Giraffe and Annika - PS4 Review

Giraffe and Annika by developer atelier mimina and publishers PLAYISM, NIS AmericaSony PlayStation 4 review written by Richard with a copy provided by the publisher.

Estimated reading time: 6 minutes

Giraffe and Annika is a cute title about very little giraffe, and mostly about Annika, a young catgirl with amnesia who goes on a journey through a sort of fantasy-esque world because someone asked her to.

Giraffe and Annika is pretty much what I stated above, Annika wakes up in a meadow, not really remembering a whole lot, and a blue person? Named Giraffe asks her to collect the three star pieces for him. These star pieces are hidden in dungeons that Giraffe can open, but not enter. As such, it is up to you, Annika, to traverse the dungeons and find the star pieces.

Giraffe and Annika is a...wonky sort of 3D puzzle platformer that finds itself somewhere between "acceptable platforming mechanics" and "good lord, why?", sometimes brought on by mechanics, sometimes by design choice. Essentially, as Annika you walk around solving problems for the residents of Spica Island, and at first pretty much all you can do is walk, interact, and pick up items to store in your magic bag of holding. As you clear dungeons, you can unlock abilities, like the power to jump.

Most of the game is provided to you via the wonderful medium of 3D platformer and fetch quests of varying levels of "ugh". The problems start when you realize that you control like a heavy slightly heavy balloon, instead of a young teenager with cat ears, and definitely not the reflexes. You slide, pushing blocks is like trying to shove a weightless box that's attached to the ground, and before you get the dash ability, navigating the island may be best described as "long", particularly if you don't know where you are going or if you're looking for all the collectible cat pictures. Yup, there's collectible cat pictures, and most of them are actually pretty cute.

Oh, and did I mention the rhythm games? yeah, they're a thing. You don't have any "boss battles", instead you've got a dance off where you have to reflect magic orbs while avoiding evil spirits or attacks. The rhythm games actually aren't that difficult, especially on normal (despite what P.Y. may say), but they can get pretty challenging on the later stages. If you complete the rhythm challenge you're awarded a score and a rank up to S. While I actually kind of enjoyed the rhythm games and there wasn't anything inherently bad about them, I do want to state that the S rank requirements are actually kind of ridiculous. You need to be pretty dang good to get an A, and then you need to be, like, professional to get an S. And I thought it would be a relaxing platinum.

Giraffe and Annika feels more like a children's game, or at least like it was designed with children in mind, most of the time, with colourful characters, a young and bubbly cast, and some pretty basic humour. And then it throws some really tough or annoying platforming challenges at you with enemies taking potshots at you from a tower nearby. Oh, and don't even get me started on the swimming. I mean, you could at least use a separate oxygen meter instead of just having your health decrease while underwater. I mean, is it poisoned? Are you allergic? Coupled with the occasional enemy, and Giraffe and Annika has some of the most dangerous swimming I've seen since an old PC game I once played where you had to escape an old science facility, but it was underwater, and some of the swimming segments were so tight it was ludicrous. Holdover? I think it was called Holdover. At least there's a bunch of crystals that are almost everywhere that will heal you if you stand near them. That doesn't help with the "cat escort" mission though. P.Y. knows what I'm talking about, but good lord that was a pain.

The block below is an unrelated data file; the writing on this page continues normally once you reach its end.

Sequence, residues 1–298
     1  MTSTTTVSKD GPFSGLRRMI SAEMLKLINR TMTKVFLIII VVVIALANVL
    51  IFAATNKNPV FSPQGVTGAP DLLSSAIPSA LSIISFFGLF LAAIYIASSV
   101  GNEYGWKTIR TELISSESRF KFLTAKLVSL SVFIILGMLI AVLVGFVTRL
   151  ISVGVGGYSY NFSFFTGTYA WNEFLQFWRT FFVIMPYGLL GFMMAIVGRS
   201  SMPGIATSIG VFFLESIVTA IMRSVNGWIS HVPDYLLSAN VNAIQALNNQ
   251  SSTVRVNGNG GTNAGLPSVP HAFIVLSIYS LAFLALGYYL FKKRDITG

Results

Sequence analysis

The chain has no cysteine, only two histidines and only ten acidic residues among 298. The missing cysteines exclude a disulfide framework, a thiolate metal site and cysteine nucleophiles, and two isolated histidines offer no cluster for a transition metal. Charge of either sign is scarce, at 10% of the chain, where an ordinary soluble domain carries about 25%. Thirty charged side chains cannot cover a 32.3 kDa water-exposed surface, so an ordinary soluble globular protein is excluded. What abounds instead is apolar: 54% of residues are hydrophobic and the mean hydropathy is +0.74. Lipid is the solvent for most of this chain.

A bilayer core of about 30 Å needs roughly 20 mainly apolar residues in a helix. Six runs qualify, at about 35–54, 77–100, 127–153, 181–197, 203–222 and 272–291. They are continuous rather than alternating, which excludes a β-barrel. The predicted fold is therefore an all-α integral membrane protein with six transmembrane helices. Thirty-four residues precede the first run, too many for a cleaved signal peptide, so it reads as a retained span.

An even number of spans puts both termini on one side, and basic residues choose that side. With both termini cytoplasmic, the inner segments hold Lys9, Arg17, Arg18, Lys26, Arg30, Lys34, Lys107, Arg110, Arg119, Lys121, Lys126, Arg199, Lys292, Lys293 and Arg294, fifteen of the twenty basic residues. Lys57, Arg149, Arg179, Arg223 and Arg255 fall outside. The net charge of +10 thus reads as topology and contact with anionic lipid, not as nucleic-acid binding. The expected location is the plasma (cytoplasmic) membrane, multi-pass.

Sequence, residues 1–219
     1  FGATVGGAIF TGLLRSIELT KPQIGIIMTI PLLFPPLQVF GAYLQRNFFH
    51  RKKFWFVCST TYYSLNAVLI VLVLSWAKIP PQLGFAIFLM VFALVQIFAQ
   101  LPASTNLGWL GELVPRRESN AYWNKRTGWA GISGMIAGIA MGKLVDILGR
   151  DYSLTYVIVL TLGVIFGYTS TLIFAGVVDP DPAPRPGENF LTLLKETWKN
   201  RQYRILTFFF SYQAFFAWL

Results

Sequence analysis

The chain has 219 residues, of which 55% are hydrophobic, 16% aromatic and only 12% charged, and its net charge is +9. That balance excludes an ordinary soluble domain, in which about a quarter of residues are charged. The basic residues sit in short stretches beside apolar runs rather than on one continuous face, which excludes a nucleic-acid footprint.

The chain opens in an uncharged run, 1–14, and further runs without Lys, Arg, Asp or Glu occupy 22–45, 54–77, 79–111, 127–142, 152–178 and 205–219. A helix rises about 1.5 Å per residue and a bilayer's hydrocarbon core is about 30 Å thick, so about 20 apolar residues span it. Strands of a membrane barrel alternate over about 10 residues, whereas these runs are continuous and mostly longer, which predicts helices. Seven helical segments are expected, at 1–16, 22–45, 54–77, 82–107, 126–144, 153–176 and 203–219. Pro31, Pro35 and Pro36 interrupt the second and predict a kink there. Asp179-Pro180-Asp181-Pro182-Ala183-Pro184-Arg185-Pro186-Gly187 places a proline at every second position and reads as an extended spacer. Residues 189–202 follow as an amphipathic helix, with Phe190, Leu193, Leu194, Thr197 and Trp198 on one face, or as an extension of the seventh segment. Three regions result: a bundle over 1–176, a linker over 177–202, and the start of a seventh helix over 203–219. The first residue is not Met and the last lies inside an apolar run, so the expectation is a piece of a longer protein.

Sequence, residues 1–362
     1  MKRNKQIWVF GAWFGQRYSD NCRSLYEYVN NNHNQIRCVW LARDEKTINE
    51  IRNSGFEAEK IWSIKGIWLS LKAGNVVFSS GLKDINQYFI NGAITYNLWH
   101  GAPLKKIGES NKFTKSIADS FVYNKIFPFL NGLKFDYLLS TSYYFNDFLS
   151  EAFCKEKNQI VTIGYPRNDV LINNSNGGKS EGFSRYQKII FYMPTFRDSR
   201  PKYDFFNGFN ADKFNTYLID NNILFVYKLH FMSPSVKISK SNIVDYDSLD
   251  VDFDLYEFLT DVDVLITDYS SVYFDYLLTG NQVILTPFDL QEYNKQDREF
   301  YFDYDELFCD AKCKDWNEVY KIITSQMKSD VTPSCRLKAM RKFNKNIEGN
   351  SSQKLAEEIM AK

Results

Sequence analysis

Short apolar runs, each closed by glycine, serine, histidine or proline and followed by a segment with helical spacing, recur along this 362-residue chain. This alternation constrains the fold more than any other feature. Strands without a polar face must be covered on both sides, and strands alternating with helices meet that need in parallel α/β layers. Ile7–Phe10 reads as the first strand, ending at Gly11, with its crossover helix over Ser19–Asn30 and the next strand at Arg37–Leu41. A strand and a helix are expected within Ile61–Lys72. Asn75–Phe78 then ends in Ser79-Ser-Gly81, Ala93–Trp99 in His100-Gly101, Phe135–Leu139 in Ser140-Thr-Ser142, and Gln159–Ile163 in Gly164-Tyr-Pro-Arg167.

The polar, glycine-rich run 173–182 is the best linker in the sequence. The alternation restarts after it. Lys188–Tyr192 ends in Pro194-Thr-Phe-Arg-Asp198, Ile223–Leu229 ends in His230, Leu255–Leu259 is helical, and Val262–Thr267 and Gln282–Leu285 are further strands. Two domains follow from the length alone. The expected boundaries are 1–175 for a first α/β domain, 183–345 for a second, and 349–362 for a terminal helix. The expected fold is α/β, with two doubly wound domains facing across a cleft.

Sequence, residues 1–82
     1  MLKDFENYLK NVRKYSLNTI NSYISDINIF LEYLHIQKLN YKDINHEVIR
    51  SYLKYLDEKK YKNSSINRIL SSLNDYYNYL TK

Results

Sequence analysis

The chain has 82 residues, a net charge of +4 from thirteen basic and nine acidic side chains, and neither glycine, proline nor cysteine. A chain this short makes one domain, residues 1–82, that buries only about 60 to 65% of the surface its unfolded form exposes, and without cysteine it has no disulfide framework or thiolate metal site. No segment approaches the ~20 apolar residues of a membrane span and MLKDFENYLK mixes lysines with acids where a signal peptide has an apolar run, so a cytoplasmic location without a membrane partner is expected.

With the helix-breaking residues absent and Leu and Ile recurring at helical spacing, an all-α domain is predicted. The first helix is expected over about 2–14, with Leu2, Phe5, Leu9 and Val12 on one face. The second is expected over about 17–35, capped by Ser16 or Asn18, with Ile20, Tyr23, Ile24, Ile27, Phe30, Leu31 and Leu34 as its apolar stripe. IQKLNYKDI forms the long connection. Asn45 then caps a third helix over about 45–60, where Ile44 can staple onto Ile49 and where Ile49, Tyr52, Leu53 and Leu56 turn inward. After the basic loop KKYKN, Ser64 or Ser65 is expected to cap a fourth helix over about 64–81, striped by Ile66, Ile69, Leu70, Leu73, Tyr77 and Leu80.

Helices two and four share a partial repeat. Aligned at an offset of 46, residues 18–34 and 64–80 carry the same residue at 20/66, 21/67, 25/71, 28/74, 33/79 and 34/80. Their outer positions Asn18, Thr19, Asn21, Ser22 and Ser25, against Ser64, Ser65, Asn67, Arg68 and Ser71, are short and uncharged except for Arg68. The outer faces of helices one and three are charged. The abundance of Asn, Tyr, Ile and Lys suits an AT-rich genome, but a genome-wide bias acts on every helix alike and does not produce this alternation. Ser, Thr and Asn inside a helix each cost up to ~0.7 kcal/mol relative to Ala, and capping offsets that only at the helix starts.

Either way, you have no form of combat, just avoidance, platforming, and rhythm challenges. The mini quest type things you do for the residents can also be really vague sometimes, and if you don't know where to find an item or where to go next, you could actually spend quite a deal of time looking for where you need to go. Coupled with the sort of outdated graphics and awkward animations, you really feel as if this is a first attempt at a game title. This isn't necessarily a bad thing however.

As far as I'm aware, the title IS the developer's first title, and they did a pretty good job of it, all things considered. It does feel particularly geared for a younger audience, and is rather on the short side, but I quite enjoyed exploring Spica island and collecting cat pictures. It also helps that there was a good soundtrack, especially since there are rhythm portions. Despite the fact I spent two and a half hours trying to get S ranks on the hard versions of the rhythm games, I never got fed up with the songs, just the scoring system. At least that's only for those completionists really. It also helps that the game is a quite reasonable price for what you get.


Overall, Giraffe and Annika is a bit of a weird experience. On the one hand, it feels very unrefined. Not unfinished by any means, just not polished to the degree it could be. On the other hand, it has a very solid grasp of the fundamental requirements for a 3D platformer and rhythm game, that somehow manages to mesh them quite decently. It's short, sweet, and relaxing, but also a little janky at times, and can get a little frustrating if you're used to a tighter control scheme. Honestly, Giraffe and Annika isn't going to appeal to everyone, particularly given that it feels geared to a younger audience but can pack the difficulty for those a little older than the narrative would seem to be geared for. If your looking for a nice little relaxing game as an offhand title, Giraffe and Annika may be something you want to pick up.

Score: 7.75 / 10



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